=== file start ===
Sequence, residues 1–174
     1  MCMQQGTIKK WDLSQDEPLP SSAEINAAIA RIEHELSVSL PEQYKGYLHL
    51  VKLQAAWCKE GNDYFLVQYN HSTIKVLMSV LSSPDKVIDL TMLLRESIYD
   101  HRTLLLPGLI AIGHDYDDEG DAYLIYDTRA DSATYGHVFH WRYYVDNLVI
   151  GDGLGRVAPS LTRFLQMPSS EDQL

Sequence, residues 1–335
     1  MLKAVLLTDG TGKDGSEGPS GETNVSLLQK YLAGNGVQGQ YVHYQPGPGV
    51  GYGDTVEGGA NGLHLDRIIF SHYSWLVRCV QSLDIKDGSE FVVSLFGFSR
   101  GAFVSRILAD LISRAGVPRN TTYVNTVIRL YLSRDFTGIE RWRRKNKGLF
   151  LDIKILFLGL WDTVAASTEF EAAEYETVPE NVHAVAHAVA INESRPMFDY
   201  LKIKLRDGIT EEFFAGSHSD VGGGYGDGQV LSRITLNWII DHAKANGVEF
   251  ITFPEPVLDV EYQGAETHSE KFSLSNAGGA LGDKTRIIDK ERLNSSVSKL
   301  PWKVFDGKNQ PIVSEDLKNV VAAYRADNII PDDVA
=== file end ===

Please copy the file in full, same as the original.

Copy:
Sequence, residues 1–174
     1  MCMQQGTIKK WDLSQDEPLP SSAEINAAIA RIEHELSVSL PEQYKGYLHL
    51  VKLQAAWCKE GNDYFLVQYN HSTIKVLMSV LSSPDKVIDL TMLLRESIYD
   101  HRTLLLPGLI AIGHDYDDEG DAYLIYDTRA DSATYGHVFH WRYYVDNLVI
   151  GDGLGRVAPS LTRFLQMPSS EDQL

Sequence, residues 1–335
     1  MLKAVLLTDG TGKDGSEGPS GETNVSLLQK YLAGNGVQGQ YVHYQPGPGV
    51  GYGDTVEGGA NGLHLDRIIF SHYSWLVRCV QSLDIKDGSE FVVSLFGFSR
   101  GAFVSRILAD LISRAGVPRN TTYVNTVIRL YLSRDFTGIE RWRRKNKGLF
   151  LDIKILFLGL WDTVAASTEF EAAEYETVPE NVHAVAHAVA INESRPMFDY
   201  LKIKLRDGIT EEFFAGSHSD VGGGYGDGQV LSRITLNWII DHAKANGVEF
   251  ITFPEPVLDV EYQGAETHSE KFSLSNAGGA LGDKTRIIDK ERLNSSVSKL
   301  PWKVFDGKNQ PIVSEDLKNV VAAYRADNII PDDVA